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    ABSTRACT: To determine whether the requirements for sialic acid varies and whether several types of silaic acid independent receptors utilized for invasion mechanisms of fresh filed isolates collected around Nanay river basin, Iquitos. The field isolates were cultured as described previously by Jensen and Trager and MR4 protocol with little modifications. The erythrocytes preparation and subsequent enzyme treatment was done as described previously by Sharma. with little modification. Invasion assay was performed as described previously by Sharma et al with little modification. The Nanay river basin isolates showed five types of invasion mechanisms or types of receptors-ligand interactions. Here we observed that an equal numbers of neuraminidase sensitive and resistant invasion receptor-ligand interaction profiles as the most common receptor-ligand invasion profiles. Neuraminidase resistance trypsin sensitive chymotrypsin sensitive (NM(R)T(S)CT(S)) invasion of receptor-ligand interaction profile was found in seven isolates, Five field isolates and one reference strain showed neuraminidase sensitive, trypsin sensitive and chymotrypsin resistant (NM(S)T(S)CT(R)) invasion of receptor-ligand interactions, six isolates including one reference strains dd2 showed neuraminidase sensitive, trypsin and chymotrypsin resistance (NM(S)T(R)CT(R)) indicating its dependence on sialic acids and independence of trypsin and chymotrypsin sensitive proteins. Four isolates showed neuraminidase sensitive, trypsin sensitive and chymotrypsin sensitive (NM(S)T(S)CT(S)) invasion of receptor-ligand interactions, seven isolates were neuraminidase resistant, trypsin sensitive and chymotrypsin resistance (NM(R)T(S)CT(R)) invasion of receptor-ligand interactions, indicating its dependence on trypsin sensitive proteins. The Nanay river basin isolates showed five types of invasion mechanisms or types of receptors-ligand interactions. A full understanding of theses invasion mechanisms may allow the development of novel prophylactic and therapeutic strategies that block erythrocyte receptor-ligand invasion mechanisms.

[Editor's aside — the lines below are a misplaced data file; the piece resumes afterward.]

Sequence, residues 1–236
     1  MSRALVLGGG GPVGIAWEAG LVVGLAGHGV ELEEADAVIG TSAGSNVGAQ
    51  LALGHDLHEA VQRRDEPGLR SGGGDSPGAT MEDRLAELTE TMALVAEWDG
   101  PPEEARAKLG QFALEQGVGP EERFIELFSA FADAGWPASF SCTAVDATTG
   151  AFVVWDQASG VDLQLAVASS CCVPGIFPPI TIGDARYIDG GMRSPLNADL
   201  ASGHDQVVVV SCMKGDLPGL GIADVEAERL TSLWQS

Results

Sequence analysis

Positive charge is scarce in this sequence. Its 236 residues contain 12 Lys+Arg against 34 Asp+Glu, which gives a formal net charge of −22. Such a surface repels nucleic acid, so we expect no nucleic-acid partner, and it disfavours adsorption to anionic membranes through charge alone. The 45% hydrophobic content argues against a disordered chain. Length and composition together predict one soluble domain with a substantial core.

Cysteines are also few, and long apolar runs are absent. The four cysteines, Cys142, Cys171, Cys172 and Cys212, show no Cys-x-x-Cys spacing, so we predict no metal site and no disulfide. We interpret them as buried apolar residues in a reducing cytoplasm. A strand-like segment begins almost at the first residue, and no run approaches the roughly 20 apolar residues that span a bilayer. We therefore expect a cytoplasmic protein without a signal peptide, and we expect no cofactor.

Asian Pacific Journal of Tropical Medicine 08/2012; 5(8):589-93. DOI:10.1016/S1995-7645(12)60122-9
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    Parasitology Research 02/2012; 110(2):1019. DOI:10.1007/s00436-011-2663-2
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    ABSTRACT: Quinoa (Chenopodium quinoa Willd.) is traditionally grown in the mountain regions of the Andes where frost is common. However, the physiological mechanisms responsible for the frost resistance observed in quinoa are largely unknown. For this reason, a study on cultivars of quinoa originating from the Andean highlands and from the inter-Andean valleys was performed. Frost tolerance was determined by measuring the average lethal temperature of 50% of the leaf tissues (LT50) by ion leakage, and supercooling activity was assessed by thermal analysis using thermocouples. Quinoa demonstrated supercooling capacity (a mechanism that prevents immediate damage by freezing temperatures) of 5 °C. Ice nucleation temperature was always lower than the LT50. This indicates that the main survival mechanism of quinoa to frost is avoidance of ice formation by moderate supercooling. The study revealed that quinoa has a high soluble sugar content, which may cause a lowering of the freezing point and therefore contributing to lower the LT50. It is suggested that the content of proline and soluble sugars, such as sucrose, may serve as indicators of frost tolerance in quinoa breeding material.
    European Journal of Agronomy 05/2007; 26(4-26):471-475. DOI:10.1016/j.eja.2007.01.006


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    Puno, Peru
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